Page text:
Proceeding as in Example F, 200 g of dimeric fatty acid (3) and 200 g of trimeric fatty acid (4) are reacted with 231.9 g of tetraethylene pentamine (amine number = 1325). A product having the following characteristics is obtained:
Amine number = 400
Imidazoline content = 65.5 percent
Viscosity at 75° C. (Rotovisko) = 57.8 poises.
100 g of polyaminoamide according to Example H are reacted to form an adduct by adding 25 g of benzyl alcohol and 5 g of a diglycidyl ether of bisphenol A having an epoxy value = 0.53 and stirring at 80° C. for six hours.
Proceeding as in Example F, 400 g of trimeric fatty acid (4) are reacted with 209.3 g of triethylene tetramine. A product having the following characteristics is obtained:
Amine number = 380
Imidazoline content = 57.3 percent
Viscosity at 75° C. (Rotovisko) = 46 poises.
Proceeding as in Example F, 200 g of dimeric fatty acid (5) and 200 g polymeric fatty acid (4) are reacted with 214.8 g of triethylene tetramine. A product with the following characteristics is obtained:
Amine number = 389
Imidazoline content = 62.7 percent
Viscosity at 75° C. (Rotovisko) = 15.6 poises
200 g of dimeric fatty acid (3), 200 g of trimeric fatty acid (4), and 209.2 g of triethylene tetramine are combined and reacted for two hours at 200° C., 32.5 g of water distill off. The product has the characteristics:
Amine number = 374
Imidazoline content = 26.8 percent
400 g of dimeric fatty acid (5) are combined with 214.8 g of triethylene tetramine and reacted for two hours at 220° C. 32.5 g of water distill off. The product has the characteristics:
Amine number = 392
Imidazoline content = 27.7 percent
320 g of dimeric fatty acid (3), 80 g of trimeric fatty acid (4), and 214.8 g of triethylene tetramine are combined and heated for two hours at 210° C. and finally reacted in vacuum. 42 g of water distill off. The product has the characteristics:
Amine number = 389
Imidazoline content = 62 percent
80 g of dimeric fatty acid (3), 320 g of trimeric fatty acid (4), and 214.8 g of triethylene tetramine are combined and reacted for two hours at 210° C. and finally in vacuum. 42 g of water distill off. The product has the characteristics:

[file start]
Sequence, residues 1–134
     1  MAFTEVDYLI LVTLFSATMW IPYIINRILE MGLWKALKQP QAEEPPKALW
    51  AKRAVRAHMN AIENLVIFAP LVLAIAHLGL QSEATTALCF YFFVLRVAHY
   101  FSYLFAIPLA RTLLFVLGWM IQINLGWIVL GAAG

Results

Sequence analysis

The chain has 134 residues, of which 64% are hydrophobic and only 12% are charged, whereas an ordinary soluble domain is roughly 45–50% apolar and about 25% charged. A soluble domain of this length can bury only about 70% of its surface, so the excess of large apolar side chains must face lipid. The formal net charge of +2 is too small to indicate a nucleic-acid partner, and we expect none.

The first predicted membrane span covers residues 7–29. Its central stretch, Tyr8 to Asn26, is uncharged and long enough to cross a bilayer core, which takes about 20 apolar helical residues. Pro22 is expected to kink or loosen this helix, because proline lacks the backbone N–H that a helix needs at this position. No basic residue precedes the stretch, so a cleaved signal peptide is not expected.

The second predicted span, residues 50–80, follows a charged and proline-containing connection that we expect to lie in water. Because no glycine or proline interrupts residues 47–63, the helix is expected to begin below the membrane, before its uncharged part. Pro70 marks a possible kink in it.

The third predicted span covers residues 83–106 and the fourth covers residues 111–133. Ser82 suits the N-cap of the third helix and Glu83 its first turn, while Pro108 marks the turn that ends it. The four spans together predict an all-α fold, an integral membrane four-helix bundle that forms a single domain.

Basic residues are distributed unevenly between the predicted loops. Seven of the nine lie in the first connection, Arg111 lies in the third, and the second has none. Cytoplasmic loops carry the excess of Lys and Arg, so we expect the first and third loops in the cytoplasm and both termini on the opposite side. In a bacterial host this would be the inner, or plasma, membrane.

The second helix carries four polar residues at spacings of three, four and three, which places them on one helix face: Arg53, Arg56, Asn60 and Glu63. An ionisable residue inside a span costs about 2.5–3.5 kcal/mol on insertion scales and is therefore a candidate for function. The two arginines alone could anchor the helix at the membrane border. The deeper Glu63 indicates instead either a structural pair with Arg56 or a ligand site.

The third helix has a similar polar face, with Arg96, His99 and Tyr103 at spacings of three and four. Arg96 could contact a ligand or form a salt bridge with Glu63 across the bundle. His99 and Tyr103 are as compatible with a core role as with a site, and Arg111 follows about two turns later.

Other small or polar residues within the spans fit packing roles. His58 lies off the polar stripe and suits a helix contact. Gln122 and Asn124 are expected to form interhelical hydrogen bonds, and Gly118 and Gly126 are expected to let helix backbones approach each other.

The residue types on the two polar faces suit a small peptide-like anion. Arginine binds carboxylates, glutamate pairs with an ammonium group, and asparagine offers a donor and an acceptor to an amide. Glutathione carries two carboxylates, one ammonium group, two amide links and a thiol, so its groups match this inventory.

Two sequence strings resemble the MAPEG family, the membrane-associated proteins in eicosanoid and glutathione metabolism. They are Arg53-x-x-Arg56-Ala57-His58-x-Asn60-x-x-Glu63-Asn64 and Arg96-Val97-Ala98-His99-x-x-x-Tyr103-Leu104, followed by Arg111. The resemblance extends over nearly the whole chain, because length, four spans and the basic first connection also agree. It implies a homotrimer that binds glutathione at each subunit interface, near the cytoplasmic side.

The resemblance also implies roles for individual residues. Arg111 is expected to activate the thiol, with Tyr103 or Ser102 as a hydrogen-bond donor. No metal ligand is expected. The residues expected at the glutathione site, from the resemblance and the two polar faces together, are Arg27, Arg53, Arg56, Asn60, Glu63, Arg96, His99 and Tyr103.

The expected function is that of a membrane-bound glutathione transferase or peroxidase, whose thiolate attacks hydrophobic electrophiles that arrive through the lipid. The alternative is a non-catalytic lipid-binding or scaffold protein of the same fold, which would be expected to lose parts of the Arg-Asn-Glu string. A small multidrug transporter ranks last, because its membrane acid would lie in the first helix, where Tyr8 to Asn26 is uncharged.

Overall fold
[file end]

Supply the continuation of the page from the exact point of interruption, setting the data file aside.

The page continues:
Amine number = 389
Imidazoline content = 57 percent
250 g of polymeric fatty acid (1) are combined with 134.4 g of triethylene tetramine and reacted for one hour at 210° C. 18 g of water distill off. The product has the characteristics:
Amine number = 395
Imidazoline content = 22 percent
250 g of polymeric fatty acid (1) are combined with 134.4 g of triethylene tetramine and reacted for one hour at 180° C. 15.5 g of water distill off. The product has the characteristics:
Amine number = 394
Imidazoline content = about 10 percent
400 g of polymeric fatty acid (3) are combined with 215 g of triethylene tetramine and reacted for 2.5 hours at 210° C. and finally in vacuum. 46 g of water distill off. The product has the characteristics:
Amine number = 400
Imidazoline content = about 80-82 percent
572 g of polymeric fatty acid (1) [saponification number = 196] and 240 g of 3-(2-aminoethyl)-aminopropylamine (tradename: N3 -amine, amine number = 1400) are heated up to 210° C. and reacted for about 2 hours at this temperature, in vacuum toward the end.
The product has the characteristics:
Amine number = 289
Imidazoline content = 24 percent
572 g of polymeric fatty acid (1) [saponification number = 196] are reacted with 200 g of diethylene triamine as in Example T.
The product has the characteristics:
Amine number = 297
Imidazoline content = 39 percent
The imidazoline-containing polyaminoamide prepared according to Example A is refluxed with excess methyl-ethyl-ketone in a water separator until separation of water is concluded. The excess ketone is distilled off in vacuum and a product containing ketimine groups having an amine number = 284/287 is obtained.